I was dubious when boarding my 22-hour flight from Washington, DC to Mozambique. Not about whether the top ten tips to coping with a long flight, which I had read about several days earlier, would work. Nor whether the vaccinations I had gotten to go on the trip would make a difference.
I was dubious about whether anybody in the two northern Mozambique provinces I was heading to would be willing or able to take time to talk to me about their connection—or lack thereof – to the rivers, lakes and forests in and near their communities. And what changes they’ve seen to those natural resources over the years. And what concerns they have about potentially living in a world without such resources.
These might be issues on their mind, even if just subconsciously. But they live in the two poorest provinces in one of the poorest countries in the world. Between their sun up to sun down chores that are tied to their survival—such as collecting water, cooking and fishing—I was skeptical anybody would be able to set aside a few hours for a conversation with me about their most important natural resources, increasingly referred to nowadays as “natural capital.”
Their stories, I had hoped, would be used by WWF and the Government of Mozambique to help inspire investors, private companies, donors and others to factor nature into their decisions on how the country should grow.
One of the first places I went to dig up these stories was Lake Amaramba, located in Niassa Province. I had heard the lake was the source of life for many people in the province. I asked my colleague from WWF-Mozambique to arrange for me to meet one or two fishermen when we got to the lake. He did so, a week before I arrived, but I had my doubts about whether they would show up to our meeting point—their small lakeside village, at the end of a four-hour potholed dirt road.
When we arrived, we were greeted by 60 fishermen, not one or two. Mostly men. Mostly middle-aged. But some children and village elders were also in the mix as we jumped into a few small motor boats to tour the lake.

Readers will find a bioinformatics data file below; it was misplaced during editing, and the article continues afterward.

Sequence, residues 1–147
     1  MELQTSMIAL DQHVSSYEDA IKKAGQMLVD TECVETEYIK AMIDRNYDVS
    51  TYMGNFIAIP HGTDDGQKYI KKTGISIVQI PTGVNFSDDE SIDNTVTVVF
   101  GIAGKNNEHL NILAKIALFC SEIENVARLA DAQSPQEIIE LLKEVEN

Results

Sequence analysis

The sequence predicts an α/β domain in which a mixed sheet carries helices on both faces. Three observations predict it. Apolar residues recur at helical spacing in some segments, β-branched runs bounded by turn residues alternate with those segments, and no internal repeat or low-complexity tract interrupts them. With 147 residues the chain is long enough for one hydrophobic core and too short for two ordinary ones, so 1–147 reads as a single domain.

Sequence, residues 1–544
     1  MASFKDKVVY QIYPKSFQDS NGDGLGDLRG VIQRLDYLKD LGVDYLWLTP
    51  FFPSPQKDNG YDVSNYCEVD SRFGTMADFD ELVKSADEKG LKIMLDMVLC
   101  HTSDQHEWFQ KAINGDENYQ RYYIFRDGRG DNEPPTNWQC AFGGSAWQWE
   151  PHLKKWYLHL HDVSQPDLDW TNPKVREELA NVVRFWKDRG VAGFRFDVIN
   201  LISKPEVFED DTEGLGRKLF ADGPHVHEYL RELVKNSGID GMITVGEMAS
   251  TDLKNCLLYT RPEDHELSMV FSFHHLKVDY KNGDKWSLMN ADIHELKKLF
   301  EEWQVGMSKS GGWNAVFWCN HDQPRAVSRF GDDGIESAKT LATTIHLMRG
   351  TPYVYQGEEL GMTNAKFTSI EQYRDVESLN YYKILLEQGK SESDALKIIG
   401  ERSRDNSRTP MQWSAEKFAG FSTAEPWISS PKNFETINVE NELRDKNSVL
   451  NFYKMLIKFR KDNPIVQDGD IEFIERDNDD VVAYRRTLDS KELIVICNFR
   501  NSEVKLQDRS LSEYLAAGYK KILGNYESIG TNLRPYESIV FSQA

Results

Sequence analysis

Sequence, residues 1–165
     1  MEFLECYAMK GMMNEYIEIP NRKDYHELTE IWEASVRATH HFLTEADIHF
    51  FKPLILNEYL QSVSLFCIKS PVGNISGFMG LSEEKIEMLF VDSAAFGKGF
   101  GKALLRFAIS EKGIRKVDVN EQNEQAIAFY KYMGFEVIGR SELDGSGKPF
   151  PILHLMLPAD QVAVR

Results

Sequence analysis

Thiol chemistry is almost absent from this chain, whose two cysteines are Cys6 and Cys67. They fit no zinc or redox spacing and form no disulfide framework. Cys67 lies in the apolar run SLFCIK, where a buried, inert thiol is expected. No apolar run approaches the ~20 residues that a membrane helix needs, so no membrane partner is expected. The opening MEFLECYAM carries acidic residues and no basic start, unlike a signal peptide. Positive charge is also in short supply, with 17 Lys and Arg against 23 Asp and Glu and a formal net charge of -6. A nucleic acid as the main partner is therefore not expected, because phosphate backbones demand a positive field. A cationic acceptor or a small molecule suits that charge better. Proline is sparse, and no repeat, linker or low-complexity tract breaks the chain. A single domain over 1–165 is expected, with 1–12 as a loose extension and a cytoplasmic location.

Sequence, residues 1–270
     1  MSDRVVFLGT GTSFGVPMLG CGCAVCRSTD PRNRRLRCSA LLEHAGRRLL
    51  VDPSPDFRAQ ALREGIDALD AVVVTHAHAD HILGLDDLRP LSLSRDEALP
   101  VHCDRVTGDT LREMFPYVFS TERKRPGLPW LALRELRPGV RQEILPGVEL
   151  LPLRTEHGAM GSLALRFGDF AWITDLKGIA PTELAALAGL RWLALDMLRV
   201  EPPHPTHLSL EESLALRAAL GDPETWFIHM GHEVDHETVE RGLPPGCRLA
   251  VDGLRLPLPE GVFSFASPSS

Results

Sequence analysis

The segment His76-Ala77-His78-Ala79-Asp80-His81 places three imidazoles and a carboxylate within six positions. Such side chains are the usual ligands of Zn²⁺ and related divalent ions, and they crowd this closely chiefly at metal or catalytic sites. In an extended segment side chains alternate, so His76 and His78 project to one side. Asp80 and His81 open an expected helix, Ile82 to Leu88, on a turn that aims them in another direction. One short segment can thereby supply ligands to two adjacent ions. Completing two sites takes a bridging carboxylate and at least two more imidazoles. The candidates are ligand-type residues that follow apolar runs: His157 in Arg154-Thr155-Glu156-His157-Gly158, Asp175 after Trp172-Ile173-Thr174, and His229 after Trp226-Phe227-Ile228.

All of them were eager to talk. They spoke about how fishing is the only livelihood they’ve ever had and, likely, ever will have. And how fish from the lake is one of their main sources of protein. And that the water in the lake is one of their only sources of drinking water. They use the lake water for bathing and growing vegetables, too. The colors, sounds and smells at the lake are calming, they said. But, mostly, they talked about how they and their children and their children’s children cannot survive without this natural resource.
They told stories about the changes they have seen to the lake—lower water levels and fewer fish, which they said were due to the growing population (northern Mozambique is the fastest growing area of the country) and, probably, climate change. On behalf of the group, fisheries council president Bales Tomais Matema spoke about some of the solutions they have in mind, which they want to work with WWF and the government to bring to life—such as creating fish sanctuaries and environmentally-friendly alternatives to the mosquito netting they use, because it is free, to catch fish.
I was pleasantly surprised to find just as many people willing to share their stories as we travelled by truck along the entire length of the Lugenda River, which starts at Lake Amaramba and ends 186 miles later at the Indian Ocean. Their stories had a similar message—nature is essential to the country’s economy, food supply and security. It, therefore, is essential to their lives.
Their stories, too, highlighted the visible changes they have seen to nature—particularly the Lugenda River. Less rainfall means the water levels in the river are low, making it harder to grow tobacco and macadamia nuts, two types of agriculture that are a reliable source of income for people in the provinces I visited.
The good news for the people I met is that they are not alone. Others in the country recognize these challenges and are stepping in to help. In Maputo, the capital of Mozambique, the Government of Mozambique—with support from WWF, the African Development Bank and others—is creating a new national program to protect the country’s natural capital.
In the northern Mozambique city of Palma, government officials are creating strategies to ensure that the world’s fourth largest gas reserve—discovered in the Indian Ocean, off the coast of Palma, a few years ago—is not developed unsustainably. The reserve is a relative stone’s throw from a massive expanse of mangroves that act as a physical buffer, protecting people from storm surges, and provide habitat for a large variety of fish species.
In Niassa National Reserve, home to one of the largest populations of lions in Africa, Colleen Begg is educating villagers about sustainable livelihood opportunities, such as bee keeping, and providing them with jobs, like building a new ecolodge where several villages now work.
The personal stories I heard and the enthusiasm for finding solutions left me feeling hopeful when I boarded my plane home from Mozambique—far from the dubious feelings I had before arriving.